European Union extends deadline for sufficient progress in Brexit talks

Laura Christensen
December 5, 2017

May, her Brexit minister David Davis and the prime minister's Brexit adviser Olly Robbins, will meet with EU Commission Jean-Claude Juncker, EU negotiator Michel Barnier and Junkcer's chief of staff, Martin Selmayr, for lunch.

Theresa May brought new proposals on the financial settlement, the Northern Irish border and the European Court of Justice.

Ireland and the other European Union members are demanding the United Kingdom provide details of how customs checkpoints and other border obstacles can be avoided before negotiations can move on to their next phase of discussing post-Brexit relations like trade.

In a joint press conference following the meeting, both leaders tried to put a positive gloss on the outcome, saying they were within touching distance of a deal.

Varadkar said he had spoken to Juncker following the failure to strike a deal "and he has confirmed to me that Ireland's position remains Europe's position".

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"I hope we are in a place this evening where Irish people north and south will get reassurance from the wording that is very close to being finalised now".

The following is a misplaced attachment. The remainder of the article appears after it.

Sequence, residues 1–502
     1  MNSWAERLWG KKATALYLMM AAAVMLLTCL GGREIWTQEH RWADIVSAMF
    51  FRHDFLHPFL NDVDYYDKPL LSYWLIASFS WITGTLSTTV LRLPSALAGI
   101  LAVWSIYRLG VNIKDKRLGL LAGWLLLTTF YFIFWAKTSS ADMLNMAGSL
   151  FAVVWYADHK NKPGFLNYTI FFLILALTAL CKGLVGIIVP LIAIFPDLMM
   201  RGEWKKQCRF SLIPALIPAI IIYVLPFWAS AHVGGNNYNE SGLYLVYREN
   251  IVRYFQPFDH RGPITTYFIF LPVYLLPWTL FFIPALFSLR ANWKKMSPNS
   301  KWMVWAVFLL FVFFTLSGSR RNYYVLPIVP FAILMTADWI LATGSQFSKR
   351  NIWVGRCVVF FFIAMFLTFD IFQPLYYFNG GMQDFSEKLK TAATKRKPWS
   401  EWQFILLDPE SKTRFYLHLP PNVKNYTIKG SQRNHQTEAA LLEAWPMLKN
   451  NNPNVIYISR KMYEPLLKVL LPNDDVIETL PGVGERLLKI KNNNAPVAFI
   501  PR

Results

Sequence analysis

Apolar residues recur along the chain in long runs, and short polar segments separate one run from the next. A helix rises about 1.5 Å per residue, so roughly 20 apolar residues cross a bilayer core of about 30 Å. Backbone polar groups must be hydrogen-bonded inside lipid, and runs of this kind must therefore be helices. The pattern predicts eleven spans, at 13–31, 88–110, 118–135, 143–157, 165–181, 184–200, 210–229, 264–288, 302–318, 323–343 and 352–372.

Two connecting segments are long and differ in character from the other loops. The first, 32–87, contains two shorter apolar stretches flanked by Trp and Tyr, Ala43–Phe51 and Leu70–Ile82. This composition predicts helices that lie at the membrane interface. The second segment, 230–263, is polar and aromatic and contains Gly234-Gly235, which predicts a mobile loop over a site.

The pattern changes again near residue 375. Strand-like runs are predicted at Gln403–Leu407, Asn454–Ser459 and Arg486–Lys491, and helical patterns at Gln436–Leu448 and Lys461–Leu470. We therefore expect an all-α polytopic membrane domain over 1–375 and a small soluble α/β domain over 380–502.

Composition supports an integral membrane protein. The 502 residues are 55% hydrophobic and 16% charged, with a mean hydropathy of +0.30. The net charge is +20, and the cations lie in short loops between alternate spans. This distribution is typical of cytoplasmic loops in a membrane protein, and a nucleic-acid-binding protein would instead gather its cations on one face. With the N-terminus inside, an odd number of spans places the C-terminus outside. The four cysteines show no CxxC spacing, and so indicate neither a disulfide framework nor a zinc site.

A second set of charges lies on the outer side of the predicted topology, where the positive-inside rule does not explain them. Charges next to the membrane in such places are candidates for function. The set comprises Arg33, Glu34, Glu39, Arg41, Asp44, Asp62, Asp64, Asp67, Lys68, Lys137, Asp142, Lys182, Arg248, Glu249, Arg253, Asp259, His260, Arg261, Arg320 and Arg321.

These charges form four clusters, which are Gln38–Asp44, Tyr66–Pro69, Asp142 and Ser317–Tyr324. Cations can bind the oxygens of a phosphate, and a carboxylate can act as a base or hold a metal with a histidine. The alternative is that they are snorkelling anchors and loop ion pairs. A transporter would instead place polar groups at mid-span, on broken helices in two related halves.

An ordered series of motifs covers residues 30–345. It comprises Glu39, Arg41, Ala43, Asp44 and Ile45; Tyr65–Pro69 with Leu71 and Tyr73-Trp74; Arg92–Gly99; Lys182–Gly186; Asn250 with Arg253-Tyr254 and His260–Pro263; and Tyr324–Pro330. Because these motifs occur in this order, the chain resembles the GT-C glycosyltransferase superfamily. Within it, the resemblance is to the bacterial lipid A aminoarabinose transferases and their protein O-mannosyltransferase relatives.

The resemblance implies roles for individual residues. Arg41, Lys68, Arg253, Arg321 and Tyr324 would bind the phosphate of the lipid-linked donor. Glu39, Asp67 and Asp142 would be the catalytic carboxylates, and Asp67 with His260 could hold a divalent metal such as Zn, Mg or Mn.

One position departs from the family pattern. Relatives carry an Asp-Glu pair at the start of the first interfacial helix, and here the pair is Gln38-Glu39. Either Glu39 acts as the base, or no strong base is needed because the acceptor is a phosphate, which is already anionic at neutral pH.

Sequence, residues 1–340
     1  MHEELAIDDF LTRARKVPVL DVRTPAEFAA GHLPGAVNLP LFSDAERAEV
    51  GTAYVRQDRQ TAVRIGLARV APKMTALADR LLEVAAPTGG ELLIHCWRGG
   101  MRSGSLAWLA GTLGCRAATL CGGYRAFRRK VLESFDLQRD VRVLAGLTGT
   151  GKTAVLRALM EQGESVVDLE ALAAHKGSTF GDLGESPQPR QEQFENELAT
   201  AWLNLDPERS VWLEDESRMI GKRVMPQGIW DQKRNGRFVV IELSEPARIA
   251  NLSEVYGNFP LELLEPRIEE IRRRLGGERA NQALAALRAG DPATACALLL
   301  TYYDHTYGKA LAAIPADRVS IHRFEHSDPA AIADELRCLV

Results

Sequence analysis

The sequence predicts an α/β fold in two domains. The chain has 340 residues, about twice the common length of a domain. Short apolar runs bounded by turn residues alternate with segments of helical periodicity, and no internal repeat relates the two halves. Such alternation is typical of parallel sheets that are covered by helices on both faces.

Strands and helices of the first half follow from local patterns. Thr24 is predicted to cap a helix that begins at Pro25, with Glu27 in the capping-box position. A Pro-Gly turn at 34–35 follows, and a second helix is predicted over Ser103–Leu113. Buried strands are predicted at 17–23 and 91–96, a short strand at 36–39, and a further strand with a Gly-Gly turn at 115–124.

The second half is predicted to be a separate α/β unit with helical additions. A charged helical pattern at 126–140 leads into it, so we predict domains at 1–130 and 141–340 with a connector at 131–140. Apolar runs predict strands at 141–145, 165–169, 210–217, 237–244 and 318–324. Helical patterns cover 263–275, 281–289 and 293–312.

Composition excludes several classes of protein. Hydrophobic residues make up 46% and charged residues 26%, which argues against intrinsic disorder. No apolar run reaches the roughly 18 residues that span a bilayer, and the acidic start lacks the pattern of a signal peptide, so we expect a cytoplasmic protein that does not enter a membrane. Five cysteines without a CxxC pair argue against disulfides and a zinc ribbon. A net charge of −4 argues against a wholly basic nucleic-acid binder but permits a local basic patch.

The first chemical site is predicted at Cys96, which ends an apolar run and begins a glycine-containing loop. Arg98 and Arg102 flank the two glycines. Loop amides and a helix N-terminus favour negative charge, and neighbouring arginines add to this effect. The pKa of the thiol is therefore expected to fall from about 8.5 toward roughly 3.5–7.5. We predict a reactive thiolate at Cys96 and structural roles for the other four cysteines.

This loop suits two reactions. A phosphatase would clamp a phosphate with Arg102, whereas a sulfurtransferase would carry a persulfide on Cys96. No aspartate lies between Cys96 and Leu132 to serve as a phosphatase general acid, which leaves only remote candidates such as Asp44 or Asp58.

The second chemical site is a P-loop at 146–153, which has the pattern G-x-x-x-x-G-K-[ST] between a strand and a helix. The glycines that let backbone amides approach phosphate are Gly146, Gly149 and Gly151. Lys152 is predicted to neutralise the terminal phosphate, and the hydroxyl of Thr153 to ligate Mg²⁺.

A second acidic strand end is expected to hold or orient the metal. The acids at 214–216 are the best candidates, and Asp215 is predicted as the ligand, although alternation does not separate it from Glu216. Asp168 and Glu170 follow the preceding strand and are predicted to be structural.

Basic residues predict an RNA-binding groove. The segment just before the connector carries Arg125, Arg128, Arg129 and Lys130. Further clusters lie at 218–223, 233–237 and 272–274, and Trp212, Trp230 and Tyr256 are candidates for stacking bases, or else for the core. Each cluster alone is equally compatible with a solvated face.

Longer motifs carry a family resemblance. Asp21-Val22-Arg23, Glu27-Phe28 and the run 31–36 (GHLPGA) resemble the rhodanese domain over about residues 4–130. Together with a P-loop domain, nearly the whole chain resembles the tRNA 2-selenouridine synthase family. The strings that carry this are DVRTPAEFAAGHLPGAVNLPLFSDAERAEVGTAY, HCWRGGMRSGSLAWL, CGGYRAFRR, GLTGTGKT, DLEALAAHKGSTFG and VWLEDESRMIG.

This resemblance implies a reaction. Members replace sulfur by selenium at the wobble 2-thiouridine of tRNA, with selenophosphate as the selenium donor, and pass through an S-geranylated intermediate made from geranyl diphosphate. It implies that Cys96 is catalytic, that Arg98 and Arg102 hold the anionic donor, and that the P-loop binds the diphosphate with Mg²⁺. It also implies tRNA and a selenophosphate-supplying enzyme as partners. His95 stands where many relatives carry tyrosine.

The EU and the United Kingdom are nearing agreement on some divorce terms, including the size of the bill that Britain must pay as it leaves and the rights of citizens affected by Brexit.

DUP leader Arlene Foster, who held a mid-afternoon phone call with May, had earlier taken to the airwaves after reports emerged of an agreement that would give Northern Ireland a different regulatory status from the rest of Britain. "We have common understanding on most issues".

According to a leak to the Irish state broadcaster RTE, the United Kingdom was willing to agree to Northern Ireland having "continued regulatory alignment" with the Republic of Ireland to ensure there was a continued soft border between the North and South. But Ireland and the other EU nations are demanding to know how that will work if Britain is outside the EU's borderless single market and its tariff-free customs union, a looser trading bloc that includes non-EU states like Turkey. But then Northern Ireland's Democratic Unionist Party, which props up May's minority government, announced it wouldn't support any deal that made special rules for Northern Ireland. "The economic and constitutional integrity of the United Kingdom must not be compromised in any way".

The EU has demanded "sufficient progress" on key withdrawal issues - the UK's exit payment, citizens' rights and Irish border - before the second phase can start.

Other reports by My Hot News

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